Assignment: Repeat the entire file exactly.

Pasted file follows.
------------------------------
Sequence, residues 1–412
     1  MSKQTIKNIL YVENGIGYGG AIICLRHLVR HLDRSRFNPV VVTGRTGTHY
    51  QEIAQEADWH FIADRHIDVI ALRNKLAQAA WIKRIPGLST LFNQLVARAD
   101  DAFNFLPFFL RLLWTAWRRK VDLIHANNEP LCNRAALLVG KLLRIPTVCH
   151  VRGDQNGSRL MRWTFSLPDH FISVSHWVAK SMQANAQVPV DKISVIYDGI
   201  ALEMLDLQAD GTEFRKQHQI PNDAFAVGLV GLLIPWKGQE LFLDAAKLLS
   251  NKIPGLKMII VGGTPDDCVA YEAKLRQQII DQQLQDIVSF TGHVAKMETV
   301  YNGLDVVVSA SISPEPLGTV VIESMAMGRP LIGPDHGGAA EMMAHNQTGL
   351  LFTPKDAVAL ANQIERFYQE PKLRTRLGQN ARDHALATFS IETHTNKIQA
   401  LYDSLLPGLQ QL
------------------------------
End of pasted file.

Sequence, residues 1–412
     1  MSKQTIKNIL YVENGIGYGG AIICLRHLVR HLDRSRFNPV VVTGRTGTHY
    51  QEIAQEADWH FIADRHIDVI ALRNKLAQAA WIKRIPGLST LFNQLVARAD
   101  DAFNFLPFFL RLLWTAWRRK VDLIHANNEP LCNRAALLVG KLLRIPTVCH
   151  VRGDQNGSRL MRWTFSLPDH FISVSHWVAK SMQANAQVPV DKISVIYDGI
   201  ALEMLDLQAD GTEFRKQHQI PNDAFAVGLV GLLIPWKGQE LFLDAAKLLS
   251  NKIPGLKMII VGGTPDDCVA YEAKLRQQII DQQLQDIVSF TGHVAKMETV
   301  YNGLDVVVSA SISPEPLGTV VIESMAMGRP LIGPDHGGAA EMMAHNQTGL
   351  LFTPKDAVAL ANQIERFYQE PKLRTRLGQN ARDHALATFS IETHTNKIQA
   401  LYDSLLPGLQ QL